Friday January 5th


US futures rise ahead of open, as Wall Street gears up for nonfarm payrolls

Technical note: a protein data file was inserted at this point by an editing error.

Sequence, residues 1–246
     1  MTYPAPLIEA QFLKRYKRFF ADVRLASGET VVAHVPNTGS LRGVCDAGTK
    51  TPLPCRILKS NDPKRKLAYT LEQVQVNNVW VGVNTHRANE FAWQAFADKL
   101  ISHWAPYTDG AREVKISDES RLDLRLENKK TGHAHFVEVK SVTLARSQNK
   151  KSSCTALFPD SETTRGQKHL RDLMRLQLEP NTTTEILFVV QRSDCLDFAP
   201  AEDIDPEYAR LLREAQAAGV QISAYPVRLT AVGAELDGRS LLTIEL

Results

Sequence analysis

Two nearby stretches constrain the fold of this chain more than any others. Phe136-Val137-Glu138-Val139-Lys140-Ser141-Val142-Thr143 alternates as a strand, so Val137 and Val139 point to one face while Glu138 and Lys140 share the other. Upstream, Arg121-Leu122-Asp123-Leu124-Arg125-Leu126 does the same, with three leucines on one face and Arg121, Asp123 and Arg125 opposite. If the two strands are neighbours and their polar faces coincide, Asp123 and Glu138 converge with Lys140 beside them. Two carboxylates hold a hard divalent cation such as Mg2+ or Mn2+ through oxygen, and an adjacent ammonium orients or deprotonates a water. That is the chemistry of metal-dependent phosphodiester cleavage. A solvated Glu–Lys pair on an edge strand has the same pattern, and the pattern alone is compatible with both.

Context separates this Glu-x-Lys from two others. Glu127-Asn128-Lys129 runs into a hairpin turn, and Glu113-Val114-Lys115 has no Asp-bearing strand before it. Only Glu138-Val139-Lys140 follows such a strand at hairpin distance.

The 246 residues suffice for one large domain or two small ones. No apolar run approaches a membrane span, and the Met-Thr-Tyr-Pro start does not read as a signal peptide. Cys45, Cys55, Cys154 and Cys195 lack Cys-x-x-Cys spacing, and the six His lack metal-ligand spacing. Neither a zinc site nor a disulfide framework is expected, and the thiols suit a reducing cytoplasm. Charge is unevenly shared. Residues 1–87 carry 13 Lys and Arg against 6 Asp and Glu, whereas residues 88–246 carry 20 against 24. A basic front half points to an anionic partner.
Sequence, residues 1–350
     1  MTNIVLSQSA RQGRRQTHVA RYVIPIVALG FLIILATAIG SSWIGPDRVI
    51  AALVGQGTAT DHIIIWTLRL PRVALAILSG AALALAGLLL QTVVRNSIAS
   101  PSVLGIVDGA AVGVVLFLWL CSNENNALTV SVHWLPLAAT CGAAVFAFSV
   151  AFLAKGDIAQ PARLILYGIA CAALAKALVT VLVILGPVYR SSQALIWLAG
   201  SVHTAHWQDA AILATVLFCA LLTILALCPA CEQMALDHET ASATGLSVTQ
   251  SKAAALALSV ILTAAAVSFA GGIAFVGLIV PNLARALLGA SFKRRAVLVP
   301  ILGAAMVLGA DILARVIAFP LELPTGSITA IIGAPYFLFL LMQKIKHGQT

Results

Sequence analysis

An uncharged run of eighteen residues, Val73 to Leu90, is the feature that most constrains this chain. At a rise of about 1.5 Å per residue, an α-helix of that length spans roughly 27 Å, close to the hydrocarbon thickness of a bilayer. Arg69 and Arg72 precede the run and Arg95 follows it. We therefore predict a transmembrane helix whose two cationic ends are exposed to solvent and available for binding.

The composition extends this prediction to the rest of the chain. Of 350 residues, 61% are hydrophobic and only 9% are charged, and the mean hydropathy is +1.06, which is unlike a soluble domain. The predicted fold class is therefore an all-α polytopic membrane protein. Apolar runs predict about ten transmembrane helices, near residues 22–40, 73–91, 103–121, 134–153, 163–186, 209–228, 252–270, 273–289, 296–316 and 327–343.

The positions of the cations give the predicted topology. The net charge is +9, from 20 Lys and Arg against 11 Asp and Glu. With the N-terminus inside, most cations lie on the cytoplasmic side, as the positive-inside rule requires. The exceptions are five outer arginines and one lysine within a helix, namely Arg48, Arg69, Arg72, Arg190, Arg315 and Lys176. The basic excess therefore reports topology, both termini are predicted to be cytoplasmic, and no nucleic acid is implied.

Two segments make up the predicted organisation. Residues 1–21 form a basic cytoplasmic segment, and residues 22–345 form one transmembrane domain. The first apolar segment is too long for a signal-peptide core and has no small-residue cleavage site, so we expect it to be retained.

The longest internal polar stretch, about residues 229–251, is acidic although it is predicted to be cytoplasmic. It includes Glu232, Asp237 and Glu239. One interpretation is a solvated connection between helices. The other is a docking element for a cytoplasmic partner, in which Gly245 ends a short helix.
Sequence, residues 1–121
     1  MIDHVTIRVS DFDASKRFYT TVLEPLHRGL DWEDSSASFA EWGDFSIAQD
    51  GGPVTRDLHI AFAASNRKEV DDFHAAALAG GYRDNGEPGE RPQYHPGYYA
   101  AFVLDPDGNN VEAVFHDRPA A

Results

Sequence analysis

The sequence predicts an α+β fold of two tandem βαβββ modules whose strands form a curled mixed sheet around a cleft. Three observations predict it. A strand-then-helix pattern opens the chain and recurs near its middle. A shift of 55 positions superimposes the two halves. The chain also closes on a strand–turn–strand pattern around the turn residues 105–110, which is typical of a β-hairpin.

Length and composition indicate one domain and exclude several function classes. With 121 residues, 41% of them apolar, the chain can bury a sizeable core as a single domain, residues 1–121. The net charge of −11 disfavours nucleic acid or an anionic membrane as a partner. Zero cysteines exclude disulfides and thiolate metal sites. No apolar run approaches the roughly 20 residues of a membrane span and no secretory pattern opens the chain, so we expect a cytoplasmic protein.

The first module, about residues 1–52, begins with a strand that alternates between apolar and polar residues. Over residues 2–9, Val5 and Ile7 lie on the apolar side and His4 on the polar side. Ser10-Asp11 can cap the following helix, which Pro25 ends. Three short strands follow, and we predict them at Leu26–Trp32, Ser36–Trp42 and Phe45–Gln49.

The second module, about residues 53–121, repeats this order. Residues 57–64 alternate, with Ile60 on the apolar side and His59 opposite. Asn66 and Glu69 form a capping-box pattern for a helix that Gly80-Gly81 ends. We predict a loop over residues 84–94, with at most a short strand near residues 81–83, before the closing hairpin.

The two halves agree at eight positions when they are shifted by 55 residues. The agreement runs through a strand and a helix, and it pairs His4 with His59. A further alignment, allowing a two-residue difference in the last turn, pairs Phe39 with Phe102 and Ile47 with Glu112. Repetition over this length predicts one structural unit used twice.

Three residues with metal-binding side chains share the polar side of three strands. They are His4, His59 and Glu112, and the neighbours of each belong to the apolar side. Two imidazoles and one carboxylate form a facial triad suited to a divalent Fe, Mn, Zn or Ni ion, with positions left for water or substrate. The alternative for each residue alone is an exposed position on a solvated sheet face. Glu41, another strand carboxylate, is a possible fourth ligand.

U.S. stocks futures pointed to a positive open on Friday, ahead of the all-important U.S. employment data. As the first week of 2018 draws to a close, U.S. investors will be waiting for the December employment situation report from the Bureau of Labor Statistics, due out at 8:30 a.m. ET. Investors are expected to pore over the latest figures to see how the U.S. economy is performing as of late. According to a Reuters survey, the latest nonfarm payrolls report is expected to show the U.S. economy adding 190,000 jobs in the last month. Meanwhile, U.S. markets rose Thursday after data emerged that the country's private sector had added 250,000 jobs in December, beating expectations. Aside from the all-important jobs data, investors will also be on the lookout for international trade data, due out at 8:30 a.m. ET, in addition to the non-manufacturing ISM report on business and factory orders, both set to be released at 10 a.m. ET. In earnings news, Constellation Brands and Cal-Maine Foods are set to report before the bell. The economy will also likely to be of key importance during two Federal Reserve speeches set to take place. The speeches come just days after the U.S. central bank released the minutes from its December meeting, whereby the Fed raised interest rates, but remained concerned over the state of inflation. Elsewhere, international markets posted solid gains on the last trading day of the week, as investors shrugged off concerns surrounding geopolitical tensions between North Korea and the West, and focused on the positive momentum seen in markets. Asian markets closed higher on Friday, tracking stateside gains after the Dow Jones industrial average hit a major milestone. Markets in the region traded at or around multi-year highs, with Japan's benchmark index touching a 26-year high and the Hang Seng Index earlier hitting a fresh decade-high. Japan's benchmark Nikkei 225 index tacked on 0.89 percent, or 208.2 points, to close at 23,714.53. Across the Korean Strait, the Kospi rose 1.26 percent to end at 2,497.52, with automakers gaining after closing lower in the last session. The New Year rally seen in China markets largely continued on the last trading day of week. On the mainland, the Shanghai Composite edged up 0.2 percent to close at 3,392.36 and the Shenzhen Composite closed 0.04 percent higher at 1,941.8. The Hang Seng Index, last year's top-performing Asian major, slipped below the flat line after trading higher for most of the session. At 3:30 p.m. HK/SIN, the index was off by 0.04 percent. Still, the benchmark traded at 30,725.3, within sight of its all-time high of 31,958.41 set in 2007. However, not all markets traded higher on Friday. Oil prices declined as rising production from the U.S. weighed on sentiment. WTI crude futures were at $61.95 a barrel at 0151 GMT, 5 cents below their last close but not far off the $62.21 May 2015 high reached the previous day. Brent crude futures were at $68.03 a barrel, 4 cents below their last settlement, but not far off the $68.27 high from the day before, also the highest since May 2015. Gold eased from the previous day's 3-1/2 month peak on Friday as the dollar edged higher ahead of key U.S. non-farm payrolls data due later, which will be closely watched for clues on the outlook for Federal Reserve policy. The metal remains on track for a fourth straight weekly gain, however, for the first time since April. It has risen 1.2 percent in the first trading week of the year, having climbed by 13 percent in 2017. Spot gold was down 0.4 percent at $1,317.36 an ounce by 1225 GMT, off Thursday's high of $1,325.86. U.S. gold futures for February delivery were down $3 at $1,318.60.